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Archive for March, 2010

Thanks to Marge Tudor, with Entertaining At Home, for this cute idea for an Easter centerpiece, one that the kids will enjoy helping you make as well as eat. What’s better than an edible centerpiece!

Supplies needed:

An assortment of Peeps, those of-no-redeeming-social-value marshmallow treats shaped like bunnies, chicks, and who knows what else (I even saw “camo” Peeps this season); skewers (either bamboo or metal, whichever you have works fine);  filler candy (M&Ms or Hershey’s Kisses or Reeses Pieces, or anything else that you can use as the edible equivalent of sand or marbles);and a glass hurricane.

Here’s where the kids get to help. They can separate the Peeps into individual critters. If old enough, they can also impale the little critters on the skewers. Once your “kabobs” are assembled. hold the assemblage of skewers together and have an assistant pour the chosen candy in around the ends of the skewers to hold the kabobs in place. If the candies are wrapped in Easter-colored tinfoil, that will add to the colorful nature of the display and take on the appearance of a floral bouquet.

It is worth pointing out that this can be a very economical though inviting centerpiece. At $.99 a box of Peeps for 3 boxes, and 2 sacks of candies at around $2.50 each, you’ve got yourself an edible thing of beauty. Nothing wasted, or at least not in my family; there would eventually be nothing left except naked skewers.

I hope your kids will enjoy this activity and that they don’t eat too many Peeps!

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If you read my previous post on Sabzeh, you might be interested in the history behind this celebration. A very detailed explanation of the celebration as experienced in Persia (Iran) is found in a great cookbook, entitled New Food Of Life: Ancient Persian and Modern Iranian Cooking and Ceremonies, by Najmieh Batmanglij. You can find this on pages 403-408 in the 2008 edition. This is a beautiful book with enticing photos of the prepared food AND ancient Persian art. The book jacket describes the book as “a treasure of 250 classical and regional Iranian recipes. 120 color photographs of food intertwined with Persian miniatures and illustrations together with descriptions of ancient and modern ceremonies make New Food of Life not just a collection of excellent recipes but also an introduction to Persian art and culture.”

The book is lovely and interesting enough to be a coffee table book, especially for foodies, travelers and art historians.

I didn’t buy the book for any of those reasons though. I bought it to explore a cuisine I could cook for my husband who is allergic to wheat. Very few of the recipes use wheat; there is much more use of rice. So if you or a family member have issues with wheat, you might explore Persian cuisine. I’m sure there are other good cookbooks out there. I’m just familiar with this one and it is available in Barnes and Noble  stores. The author does a good job of addressing the issue of specialty ingredients. Compared to Indian cuisine, I think the Persian recipes call for fewer exotic ingredients. Still, you will need access to a middle Eastern grocery store for some of the ingredients. Helpfully, the author includes a list of specialty stores by state and city in the back of the book. The one I explored in Houston, Phoenicia Supermarket on Westheimer, was a true delight to visit. They supply ingredients for many middle eastern cuisines as well as cooking supplies, books, carryout, and a dining area.  It’s a great place to explore.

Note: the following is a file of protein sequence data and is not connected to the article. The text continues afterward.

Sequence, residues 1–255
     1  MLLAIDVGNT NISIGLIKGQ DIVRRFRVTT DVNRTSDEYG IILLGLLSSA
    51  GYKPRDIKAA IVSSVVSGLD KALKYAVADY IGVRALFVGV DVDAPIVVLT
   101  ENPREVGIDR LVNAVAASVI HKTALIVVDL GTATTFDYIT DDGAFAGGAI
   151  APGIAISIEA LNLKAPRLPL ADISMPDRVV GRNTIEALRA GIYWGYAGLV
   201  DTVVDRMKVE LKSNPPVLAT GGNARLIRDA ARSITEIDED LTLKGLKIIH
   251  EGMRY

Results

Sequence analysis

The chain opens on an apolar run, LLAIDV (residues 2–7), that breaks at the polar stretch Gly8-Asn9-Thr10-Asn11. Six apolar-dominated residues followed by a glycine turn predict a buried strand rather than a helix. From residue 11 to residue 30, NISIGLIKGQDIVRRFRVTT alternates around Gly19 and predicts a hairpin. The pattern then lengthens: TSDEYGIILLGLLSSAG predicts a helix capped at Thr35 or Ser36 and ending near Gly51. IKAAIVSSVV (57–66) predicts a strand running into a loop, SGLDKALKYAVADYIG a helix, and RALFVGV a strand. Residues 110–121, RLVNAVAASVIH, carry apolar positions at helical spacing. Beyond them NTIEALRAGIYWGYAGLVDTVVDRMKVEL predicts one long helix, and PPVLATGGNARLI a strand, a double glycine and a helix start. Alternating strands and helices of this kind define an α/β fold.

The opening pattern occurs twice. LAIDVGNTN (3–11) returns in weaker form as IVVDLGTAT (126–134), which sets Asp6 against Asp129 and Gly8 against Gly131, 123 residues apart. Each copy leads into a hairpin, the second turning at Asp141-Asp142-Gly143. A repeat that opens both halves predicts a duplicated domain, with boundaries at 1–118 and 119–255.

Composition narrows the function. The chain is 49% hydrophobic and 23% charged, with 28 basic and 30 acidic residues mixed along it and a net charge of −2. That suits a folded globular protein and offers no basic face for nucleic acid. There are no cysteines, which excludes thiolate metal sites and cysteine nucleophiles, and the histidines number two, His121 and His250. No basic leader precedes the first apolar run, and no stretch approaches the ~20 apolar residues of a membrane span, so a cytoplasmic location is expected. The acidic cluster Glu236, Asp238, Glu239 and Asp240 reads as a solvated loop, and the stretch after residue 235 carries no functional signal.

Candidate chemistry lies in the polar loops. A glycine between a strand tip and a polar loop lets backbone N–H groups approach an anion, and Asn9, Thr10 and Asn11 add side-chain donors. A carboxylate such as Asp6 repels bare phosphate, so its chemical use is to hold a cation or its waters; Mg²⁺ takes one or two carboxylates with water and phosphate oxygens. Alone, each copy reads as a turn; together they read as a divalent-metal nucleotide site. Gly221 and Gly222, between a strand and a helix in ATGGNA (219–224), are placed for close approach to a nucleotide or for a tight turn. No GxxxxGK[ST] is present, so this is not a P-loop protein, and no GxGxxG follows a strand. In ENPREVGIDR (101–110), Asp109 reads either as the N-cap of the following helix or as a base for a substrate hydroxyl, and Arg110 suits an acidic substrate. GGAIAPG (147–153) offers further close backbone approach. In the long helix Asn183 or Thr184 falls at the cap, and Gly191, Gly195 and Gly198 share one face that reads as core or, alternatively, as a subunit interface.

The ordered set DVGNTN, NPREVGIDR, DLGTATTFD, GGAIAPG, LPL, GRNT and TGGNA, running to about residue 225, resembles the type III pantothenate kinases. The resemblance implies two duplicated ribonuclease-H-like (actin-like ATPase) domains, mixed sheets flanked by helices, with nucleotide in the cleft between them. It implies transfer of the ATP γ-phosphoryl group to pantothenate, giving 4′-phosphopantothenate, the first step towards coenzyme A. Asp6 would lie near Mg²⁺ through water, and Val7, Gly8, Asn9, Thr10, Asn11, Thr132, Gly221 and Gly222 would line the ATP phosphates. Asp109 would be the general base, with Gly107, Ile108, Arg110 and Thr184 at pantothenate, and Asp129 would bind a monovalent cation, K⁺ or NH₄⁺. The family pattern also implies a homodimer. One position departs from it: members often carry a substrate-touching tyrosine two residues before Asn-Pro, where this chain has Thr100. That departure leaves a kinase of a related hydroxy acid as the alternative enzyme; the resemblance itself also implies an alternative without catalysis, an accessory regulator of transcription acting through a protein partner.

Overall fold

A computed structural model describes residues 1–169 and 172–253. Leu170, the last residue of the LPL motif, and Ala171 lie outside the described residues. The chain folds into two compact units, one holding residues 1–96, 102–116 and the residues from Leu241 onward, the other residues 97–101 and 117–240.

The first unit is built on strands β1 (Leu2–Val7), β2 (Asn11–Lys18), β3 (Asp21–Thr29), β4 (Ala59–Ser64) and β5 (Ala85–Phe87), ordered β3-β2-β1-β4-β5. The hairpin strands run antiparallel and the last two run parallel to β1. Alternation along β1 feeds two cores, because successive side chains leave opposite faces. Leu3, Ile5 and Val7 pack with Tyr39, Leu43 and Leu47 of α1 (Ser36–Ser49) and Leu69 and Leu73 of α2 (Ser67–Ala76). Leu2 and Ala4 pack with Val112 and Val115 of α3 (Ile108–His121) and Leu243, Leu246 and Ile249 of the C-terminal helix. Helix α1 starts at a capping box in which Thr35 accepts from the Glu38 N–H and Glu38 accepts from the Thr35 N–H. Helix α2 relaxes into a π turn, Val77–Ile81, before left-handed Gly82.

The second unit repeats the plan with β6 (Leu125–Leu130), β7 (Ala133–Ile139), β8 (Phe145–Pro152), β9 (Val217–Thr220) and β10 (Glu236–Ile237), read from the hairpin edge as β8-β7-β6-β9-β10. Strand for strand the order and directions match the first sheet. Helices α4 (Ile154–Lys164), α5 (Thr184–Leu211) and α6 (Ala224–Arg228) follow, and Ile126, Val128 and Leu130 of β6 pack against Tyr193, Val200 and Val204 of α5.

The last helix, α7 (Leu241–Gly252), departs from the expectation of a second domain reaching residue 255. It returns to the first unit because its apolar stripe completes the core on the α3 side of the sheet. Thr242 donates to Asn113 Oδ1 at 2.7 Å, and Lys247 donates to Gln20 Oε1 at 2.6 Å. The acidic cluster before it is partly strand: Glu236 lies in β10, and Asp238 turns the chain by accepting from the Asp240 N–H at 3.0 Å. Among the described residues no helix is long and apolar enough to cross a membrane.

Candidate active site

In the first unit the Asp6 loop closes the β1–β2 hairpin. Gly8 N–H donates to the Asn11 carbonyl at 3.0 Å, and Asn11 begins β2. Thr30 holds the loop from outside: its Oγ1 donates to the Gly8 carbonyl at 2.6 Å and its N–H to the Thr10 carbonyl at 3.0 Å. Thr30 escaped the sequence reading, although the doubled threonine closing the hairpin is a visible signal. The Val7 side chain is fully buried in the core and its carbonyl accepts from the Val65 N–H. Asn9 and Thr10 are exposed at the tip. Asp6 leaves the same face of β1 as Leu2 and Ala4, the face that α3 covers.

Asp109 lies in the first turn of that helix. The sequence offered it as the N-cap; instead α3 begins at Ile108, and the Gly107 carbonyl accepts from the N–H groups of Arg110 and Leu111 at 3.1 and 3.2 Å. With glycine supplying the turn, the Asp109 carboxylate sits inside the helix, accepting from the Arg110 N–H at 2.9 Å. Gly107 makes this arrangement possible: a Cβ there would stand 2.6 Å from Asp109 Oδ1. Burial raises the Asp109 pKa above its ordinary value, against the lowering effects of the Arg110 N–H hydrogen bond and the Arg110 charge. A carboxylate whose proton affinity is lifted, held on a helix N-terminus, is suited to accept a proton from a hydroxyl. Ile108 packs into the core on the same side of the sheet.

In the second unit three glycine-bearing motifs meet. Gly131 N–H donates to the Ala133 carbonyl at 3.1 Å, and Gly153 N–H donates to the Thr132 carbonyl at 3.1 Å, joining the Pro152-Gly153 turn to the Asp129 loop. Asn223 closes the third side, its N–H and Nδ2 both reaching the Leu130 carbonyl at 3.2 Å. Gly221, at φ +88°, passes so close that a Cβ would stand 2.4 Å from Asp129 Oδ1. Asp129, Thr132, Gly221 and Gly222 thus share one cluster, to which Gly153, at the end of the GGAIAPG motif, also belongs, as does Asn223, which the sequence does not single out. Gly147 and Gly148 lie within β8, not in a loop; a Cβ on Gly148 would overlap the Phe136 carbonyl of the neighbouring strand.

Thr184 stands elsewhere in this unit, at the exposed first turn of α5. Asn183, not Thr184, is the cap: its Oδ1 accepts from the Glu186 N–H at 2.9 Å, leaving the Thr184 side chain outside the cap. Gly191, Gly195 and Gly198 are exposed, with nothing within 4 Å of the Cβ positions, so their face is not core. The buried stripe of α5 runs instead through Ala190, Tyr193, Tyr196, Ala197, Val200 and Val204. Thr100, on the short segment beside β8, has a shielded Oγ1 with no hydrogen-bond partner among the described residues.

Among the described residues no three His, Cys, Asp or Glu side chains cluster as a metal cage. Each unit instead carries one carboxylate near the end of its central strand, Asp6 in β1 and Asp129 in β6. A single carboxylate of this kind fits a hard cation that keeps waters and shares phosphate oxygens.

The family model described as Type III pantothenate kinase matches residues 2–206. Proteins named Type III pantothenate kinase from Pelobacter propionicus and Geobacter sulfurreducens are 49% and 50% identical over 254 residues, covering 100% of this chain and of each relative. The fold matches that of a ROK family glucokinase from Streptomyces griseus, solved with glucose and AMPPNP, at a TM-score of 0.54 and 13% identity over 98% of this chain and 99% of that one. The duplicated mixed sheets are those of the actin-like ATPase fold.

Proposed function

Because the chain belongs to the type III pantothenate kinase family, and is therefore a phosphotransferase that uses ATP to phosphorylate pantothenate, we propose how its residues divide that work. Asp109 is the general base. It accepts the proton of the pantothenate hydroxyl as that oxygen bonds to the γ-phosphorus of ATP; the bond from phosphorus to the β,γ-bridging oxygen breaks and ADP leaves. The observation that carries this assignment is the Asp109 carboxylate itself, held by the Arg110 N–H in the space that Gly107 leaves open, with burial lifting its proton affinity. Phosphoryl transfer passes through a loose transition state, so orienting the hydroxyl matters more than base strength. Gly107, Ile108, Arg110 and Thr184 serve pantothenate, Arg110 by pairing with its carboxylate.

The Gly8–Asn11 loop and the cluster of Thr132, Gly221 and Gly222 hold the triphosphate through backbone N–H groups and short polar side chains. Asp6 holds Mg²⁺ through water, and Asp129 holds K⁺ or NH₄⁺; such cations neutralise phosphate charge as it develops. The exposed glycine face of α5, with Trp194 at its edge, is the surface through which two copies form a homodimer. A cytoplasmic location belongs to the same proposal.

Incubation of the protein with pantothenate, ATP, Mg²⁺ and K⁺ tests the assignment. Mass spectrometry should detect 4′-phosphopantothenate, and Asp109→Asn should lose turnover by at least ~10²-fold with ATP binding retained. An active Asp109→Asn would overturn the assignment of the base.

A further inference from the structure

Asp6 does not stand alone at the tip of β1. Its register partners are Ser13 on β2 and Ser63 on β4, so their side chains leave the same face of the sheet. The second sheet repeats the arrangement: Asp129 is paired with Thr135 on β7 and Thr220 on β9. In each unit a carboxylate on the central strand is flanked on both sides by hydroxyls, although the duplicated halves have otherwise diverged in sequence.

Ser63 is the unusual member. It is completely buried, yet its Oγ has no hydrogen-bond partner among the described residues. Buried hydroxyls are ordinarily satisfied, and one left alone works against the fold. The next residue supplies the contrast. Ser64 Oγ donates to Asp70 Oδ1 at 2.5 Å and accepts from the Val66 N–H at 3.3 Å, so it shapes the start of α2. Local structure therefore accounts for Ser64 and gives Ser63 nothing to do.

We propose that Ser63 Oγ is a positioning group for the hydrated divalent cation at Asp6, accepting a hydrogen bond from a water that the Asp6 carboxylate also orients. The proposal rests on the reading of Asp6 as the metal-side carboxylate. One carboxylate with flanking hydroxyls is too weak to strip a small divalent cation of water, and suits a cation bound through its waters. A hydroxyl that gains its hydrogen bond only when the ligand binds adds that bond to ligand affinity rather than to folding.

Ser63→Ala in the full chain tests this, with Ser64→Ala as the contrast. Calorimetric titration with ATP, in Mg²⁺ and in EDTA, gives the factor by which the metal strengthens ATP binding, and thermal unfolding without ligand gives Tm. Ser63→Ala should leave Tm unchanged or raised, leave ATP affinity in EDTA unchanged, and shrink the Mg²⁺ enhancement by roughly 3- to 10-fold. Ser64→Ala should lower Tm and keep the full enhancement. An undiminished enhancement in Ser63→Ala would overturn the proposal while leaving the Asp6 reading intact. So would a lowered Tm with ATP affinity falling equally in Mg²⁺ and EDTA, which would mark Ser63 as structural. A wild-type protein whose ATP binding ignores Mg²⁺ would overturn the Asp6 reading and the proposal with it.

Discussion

Naw Ruz being March 21, I wish you Happy Naw Ruz!

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When Entertaining At Home held their Leadership Conference this 2010 in Las Vegas, they treated us to tablescapes designed by Grammy Award winning recording artist,and award winning author and composer Larry Hart and his partner, whose name I’m sorry I don’t recall.

One of the tablescapes was called Pretty in Pink.

Pretty in Pink tablescape using EAH and SLAH products

The criteria for elements on the tables was that they be products sold either in the  Southern Living At Home catalog or the Entertaining At Home catalog. The results were proof positive that the two product lines are going to work well together.

One of the benefits of attending these company sponsored events is that you always get great ideas to take home and share with hosts and guests. Here is a very easy rose floral arrangement using only 4 roses, some decorative “jewels” or clear marbles, and a small square vase.

Take the 4-6 roses and cut their stems  so that their length is clearly longer than the vase is tall, but cutting off most of the long stem. Then, shockingly, put the roses blossom down into the vase. Fill the vase completely with roses, but it is not necessary to wedge them in.

Once the roses are in place, resting against the bottom of the vase, take scissors and cut the stems flush with the top of the vase.

Remove the roses temporarily. Place the “jewels” into the bottom of the vase. Fill to the top of the jewels with water. Reinsert the roses, this time stem end into the water. The “jewels” will keep the roses stable.

The finished result will be roses filling the opening of the vase, but not extending past the top of the vase. This is a striking look, made more so by lining 3 vases down the center of the dinner table or to be an even bigger treat, place one for every guest as a place setting and a gift to take away from the dinner. To accentuate that each vase is a gift, you can tie the vase up with a ribbon.

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